Scooter sales driven by pump prices
Buffalo News
Sunday, May 28, 2006
Section: Business Page: C1

Molly Hill-Campagna followed a friend to a new shop selling fixed up Vespa scooters and wanted one of her own as soon as she saw the old motor bikes.

She'd liked them ever since she watched Audrey Hepburn zip through Rome with Gregory Peck in "Roman Holiday."

Shop owner Percy Oaks, who has been selling more from his Buffalo 66 scooter garage and shop since gas prices have climbed to $3 a gallon, clinched the $3,000 deal when he offered to paint and buff the battered gray 1964 Vespa in any color.

She chose pistachio green. "It's just what I was feeling. It's the right kind of color for that era," said Hill-Campagna, 36, owner of two Elmwood Avenue businesses eight blocks away from each other. "It just seemed like the most fuel efficient and quickest way to get around my little world."Sales of motor bike scooters, some with small engines that go 30-miles-an-hour or more, automatic transmissions and a step-through that allows for skirt wearing riders, have risen with gas prices. Across Europe, with $5-a-gallon gas, traffic and parking problems, the scooters that get 50 to 100 miles to the gallon number 20 million, according to Vespa. Conditions in the U.S., where 800,000 are projected to be on the road by the end of this year, are speeding up, the company said.

Rising gas prices and traffic and parking congestion are signs of promise for the scooter trade, said Paolo Timoni, Manhattan-based president of Vespa-maker, Piaggio Group Americas.

"So clearly we believe the U.S. market is in its infancy," said Timoni who knows of plans to open new Vespa dealerships near Albany. There are no Vespa dealers in Buffalo, where other brands of new scooters, such as Honda, Suzuki and Yamaha, are sold at motorcycle dealers.

Scooter sales of all kinds jumped from 42,000 in 2000, the year Piaggio returned to the states after a nearly two-decade hiatus, to an estimated 113,000 last year, according to the Motorcycle Industry Council.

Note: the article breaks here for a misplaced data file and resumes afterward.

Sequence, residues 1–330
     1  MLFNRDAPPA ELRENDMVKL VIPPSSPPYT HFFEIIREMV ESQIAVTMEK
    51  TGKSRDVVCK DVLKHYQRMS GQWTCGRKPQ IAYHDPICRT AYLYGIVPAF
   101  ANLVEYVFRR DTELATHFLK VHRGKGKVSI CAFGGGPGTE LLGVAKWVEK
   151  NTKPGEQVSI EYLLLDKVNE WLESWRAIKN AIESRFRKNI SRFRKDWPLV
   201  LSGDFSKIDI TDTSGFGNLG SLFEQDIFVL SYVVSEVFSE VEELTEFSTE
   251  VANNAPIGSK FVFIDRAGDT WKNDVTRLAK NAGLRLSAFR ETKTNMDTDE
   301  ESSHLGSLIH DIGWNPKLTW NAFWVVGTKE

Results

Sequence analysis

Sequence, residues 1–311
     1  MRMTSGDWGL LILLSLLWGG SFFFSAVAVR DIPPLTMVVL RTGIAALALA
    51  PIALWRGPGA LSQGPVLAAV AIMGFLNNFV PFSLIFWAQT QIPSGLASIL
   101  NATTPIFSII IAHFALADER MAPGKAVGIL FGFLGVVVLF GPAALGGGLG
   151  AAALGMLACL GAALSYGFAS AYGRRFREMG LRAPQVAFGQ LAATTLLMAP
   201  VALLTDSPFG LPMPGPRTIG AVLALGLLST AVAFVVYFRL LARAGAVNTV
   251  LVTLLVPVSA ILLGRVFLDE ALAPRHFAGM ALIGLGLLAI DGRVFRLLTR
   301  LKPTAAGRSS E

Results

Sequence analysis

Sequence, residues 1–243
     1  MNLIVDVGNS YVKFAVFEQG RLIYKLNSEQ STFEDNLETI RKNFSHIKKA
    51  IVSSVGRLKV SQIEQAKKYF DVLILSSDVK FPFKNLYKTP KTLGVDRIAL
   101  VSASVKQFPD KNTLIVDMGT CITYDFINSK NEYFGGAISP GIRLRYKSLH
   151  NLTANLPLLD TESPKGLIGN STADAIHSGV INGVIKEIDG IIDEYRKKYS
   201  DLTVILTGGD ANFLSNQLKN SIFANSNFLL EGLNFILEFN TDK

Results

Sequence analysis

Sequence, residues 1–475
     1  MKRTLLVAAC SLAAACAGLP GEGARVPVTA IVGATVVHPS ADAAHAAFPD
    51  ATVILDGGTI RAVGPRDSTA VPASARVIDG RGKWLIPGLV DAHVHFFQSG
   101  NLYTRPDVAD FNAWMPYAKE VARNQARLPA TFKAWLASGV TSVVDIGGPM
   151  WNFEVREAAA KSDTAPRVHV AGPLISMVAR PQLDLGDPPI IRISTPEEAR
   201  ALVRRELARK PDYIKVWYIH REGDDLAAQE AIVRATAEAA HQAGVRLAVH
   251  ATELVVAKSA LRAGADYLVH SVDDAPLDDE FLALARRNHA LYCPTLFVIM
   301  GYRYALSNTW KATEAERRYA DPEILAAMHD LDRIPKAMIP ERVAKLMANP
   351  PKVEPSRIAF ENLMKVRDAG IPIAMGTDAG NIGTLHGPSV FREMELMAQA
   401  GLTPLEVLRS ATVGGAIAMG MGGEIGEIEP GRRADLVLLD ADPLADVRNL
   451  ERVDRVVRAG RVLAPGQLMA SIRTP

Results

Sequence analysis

Movies have helped maintain scooters' appealing image of cool: From Italian films, such as Fellini's 1960 La Dolce Vita, to Nicole Kidman's commute through New York City on a yellow Vespa in 2005's the "Interpreter."

"Hollywood also somehow embraced Vespa motor scooters," said Timoni. "This is what is helping to sustain the brand."

People in dense urban areas, such as New York where sales have gone up by 100 percent in the last year for Vespa, have been among the most responsive to the trend.

In Western New York, people are slower to take to the idea.

"I wouldn't ride a scooter," said Chad Ebhart, a salesman at Freewheeling Cycle on Military Road. People here drive too fast, he said, and that practice is at odds with slower scooter speeds.

Each year Ebhart's store sells about 20 scooters, priced from $1,900 to $6,000, often to older people and women who find the automatic transmission easier to drive than the shifting motorcycles require. "I don't think it's gone up or down," he said of the sales.

Oaks is finding an eager market at his year-old garage on East Oakwood Place. Sales of the slightly used and broken-down bikes he rebuilds have jumped from one every couple of months to six in the past two.

"Every bike I get in, I sell," said Oaks, 35, who spent two years working as a mechanic for Vespa in Toronto.